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Most Helpful Customer Reviews on Amazon.com (beta)
Amazon.com: 3.9 out of 5 stars  7 reviews
12 of 15 people found the following review helpful
4.0 out of 5 stars It's been along while since Aug. 9 2008
By The Purple Bee - Published on Amazon.com
Format:Paperback
It's been along while since I read this book but after the negative review, I must read again.
I remember her descriptions of Morocco and the people being quite fascinating but I don't remember them being racist......maybe, this world of Moroc was so far from the culture she was accustomed. Maybe this book encouraged people to visit and find out for themselves. I loved Morocco and it's people, but I also enjoyed the book back then.
Moroc was the most exciting place I had been as of 2000.
Maybe, we've come a long way, Baby! Let's only hope!
2 of 2 people found the following review helpful
1.0 out of 5 stars Avoid this edition July 19 2013
By Anne - Published on Amazon.com
Verified Purchase
Avoid this edition as it is nearly unreadable. The font size is SO small that one needs a magnifying glass to read the text. This publication appears to be in the public domain and this is a vanity press/self-published edition.
39 of 57 people found the following review helpful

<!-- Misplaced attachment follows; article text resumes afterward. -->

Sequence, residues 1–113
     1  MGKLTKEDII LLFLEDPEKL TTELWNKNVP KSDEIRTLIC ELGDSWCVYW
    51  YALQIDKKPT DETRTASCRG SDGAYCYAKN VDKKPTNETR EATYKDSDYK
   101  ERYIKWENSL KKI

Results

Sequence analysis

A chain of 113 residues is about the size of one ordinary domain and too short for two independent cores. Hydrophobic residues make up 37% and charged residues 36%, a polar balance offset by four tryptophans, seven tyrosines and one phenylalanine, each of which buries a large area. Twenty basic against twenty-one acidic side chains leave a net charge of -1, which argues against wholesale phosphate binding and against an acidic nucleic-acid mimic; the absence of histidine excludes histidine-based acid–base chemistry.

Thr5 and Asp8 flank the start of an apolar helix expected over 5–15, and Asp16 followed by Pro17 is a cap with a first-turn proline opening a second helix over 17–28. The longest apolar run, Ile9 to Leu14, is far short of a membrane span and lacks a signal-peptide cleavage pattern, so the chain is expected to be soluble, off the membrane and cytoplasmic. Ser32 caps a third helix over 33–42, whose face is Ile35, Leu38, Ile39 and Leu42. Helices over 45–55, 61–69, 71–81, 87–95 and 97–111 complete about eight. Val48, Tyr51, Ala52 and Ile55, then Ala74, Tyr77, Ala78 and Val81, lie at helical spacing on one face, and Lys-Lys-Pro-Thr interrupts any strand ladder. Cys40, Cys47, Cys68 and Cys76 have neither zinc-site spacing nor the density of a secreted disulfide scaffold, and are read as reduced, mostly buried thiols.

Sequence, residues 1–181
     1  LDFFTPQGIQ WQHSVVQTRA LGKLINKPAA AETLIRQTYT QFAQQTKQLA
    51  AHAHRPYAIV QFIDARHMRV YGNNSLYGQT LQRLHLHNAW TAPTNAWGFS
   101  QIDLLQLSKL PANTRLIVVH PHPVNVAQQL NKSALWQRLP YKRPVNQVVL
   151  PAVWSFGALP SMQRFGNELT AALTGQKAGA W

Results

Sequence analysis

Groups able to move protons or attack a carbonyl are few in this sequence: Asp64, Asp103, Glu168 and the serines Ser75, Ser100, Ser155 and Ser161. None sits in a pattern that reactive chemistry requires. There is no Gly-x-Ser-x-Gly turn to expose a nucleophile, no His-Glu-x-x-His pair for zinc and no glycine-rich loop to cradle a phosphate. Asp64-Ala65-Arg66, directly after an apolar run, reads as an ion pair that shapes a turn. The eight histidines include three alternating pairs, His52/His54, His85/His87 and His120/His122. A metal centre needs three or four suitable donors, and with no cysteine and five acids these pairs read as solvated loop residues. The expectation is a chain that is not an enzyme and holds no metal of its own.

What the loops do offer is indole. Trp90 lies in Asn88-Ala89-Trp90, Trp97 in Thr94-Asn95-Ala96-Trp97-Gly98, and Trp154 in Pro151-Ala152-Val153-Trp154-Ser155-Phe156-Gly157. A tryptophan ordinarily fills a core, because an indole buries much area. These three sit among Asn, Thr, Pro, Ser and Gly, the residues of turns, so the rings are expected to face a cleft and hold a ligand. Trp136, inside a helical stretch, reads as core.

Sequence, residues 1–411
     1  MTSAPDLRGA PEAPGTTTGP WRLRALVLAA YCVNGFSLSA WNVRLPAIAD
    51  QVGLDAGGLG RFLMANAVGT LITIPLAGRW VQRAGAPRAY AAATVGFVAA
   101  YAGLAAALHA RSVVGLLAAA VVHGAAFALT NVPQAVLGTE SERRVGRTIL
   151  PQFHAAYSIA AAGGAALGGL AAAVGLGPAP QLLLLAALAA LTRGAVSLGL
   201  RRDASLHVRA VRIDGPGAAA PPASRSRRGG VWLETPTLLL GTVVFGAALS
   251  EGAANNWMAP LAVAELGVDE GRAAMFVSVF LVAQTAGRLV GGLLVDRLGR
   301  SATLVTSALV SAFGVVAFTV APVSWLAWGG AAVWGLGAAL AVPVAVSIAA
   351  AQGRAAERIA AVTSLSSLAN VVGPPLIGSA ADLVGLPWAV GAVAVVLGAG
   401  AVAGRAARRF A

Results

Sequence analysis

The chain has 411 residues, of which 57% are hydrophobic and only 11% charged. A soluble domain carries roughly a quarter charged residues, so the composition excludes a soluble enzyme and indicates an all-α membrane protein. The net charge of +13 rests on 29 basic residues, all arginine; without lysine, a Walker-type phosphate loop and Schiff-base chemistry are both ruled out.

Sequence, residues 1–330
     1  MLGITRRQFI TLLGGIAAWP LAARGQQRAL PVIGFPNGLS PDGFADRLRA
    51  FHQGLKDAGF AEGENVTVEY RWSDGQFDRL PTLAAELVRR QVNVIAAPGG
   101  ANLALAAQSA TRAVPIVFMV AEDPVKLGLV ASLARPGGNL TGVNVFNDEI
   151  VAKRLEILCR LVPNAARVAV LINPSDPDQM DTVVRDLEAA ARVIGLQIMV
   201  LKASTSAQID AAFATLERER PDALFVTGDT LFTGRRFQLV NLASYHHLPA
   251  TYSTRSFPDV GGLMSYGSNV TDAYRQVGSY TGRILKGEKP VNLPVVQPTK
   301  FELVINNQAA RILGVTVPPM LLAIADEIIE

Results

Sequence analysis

3.0 out of 5 stars Edith Wharton's Orientalism May 7 2000
By Spencer D. Segalla - Published on Amazon.com
Format:Paperback
Fans of Edith Wharton who are hoping to see her usual insightful wit will be disappointed with this book. Likewise will those hoping to learn something about the real Morocco. Instead, what this book provides is a fascinatingly nauseating example of racist, orientalist cliches: the eroticization, the emphasis on mystery, decreptitude, etc. One classic bit is the description of the souks full of "savages" "consumptive Jews" and "lusty slave girls." But my favorite is when a windstorm in the Djmaa el Fnaa suddenly appears, "stripping to the waist the slave girls scudding home to the souks." There are some peculiar twists to her vision of Morocco, but I won't go further. Buy this book if you are interested in such things. But first read Said's Orientalism, if this stuff is new to you. If you are planning to travel to Morocco, buy the Rough Guide and Culture Shock: Morocco.
5.0 out of 5 stars Oldie but goodie June 23 2014
By journalkeeper - Published on Amazon.com
Format:Kindle Edition|Verified Purchase
This book was first published in 1920, yet almost 100 years later, it still is a great read. Wharton's spirit of adventure, her keen eye, and her elegant prose make this a must for anyone who wants to visit Morocco. Much has changed, but what amazed me is how much remains essentially the same after all these years. I highly recommend this book to anyone going to Morocco, or anyone who just loves reading well-written books about the art of travel.
5.0 out of 5 stars Wonderful Wharton Nov. 19 2013
By Diana Wilson - Published on Amazon.com
Format:Kindle Edition|Verified Purchase
Wharton is a magisterial traveler, not a mere tourist. This book about early 20th-century travels in Morocco is both instructive and delightful.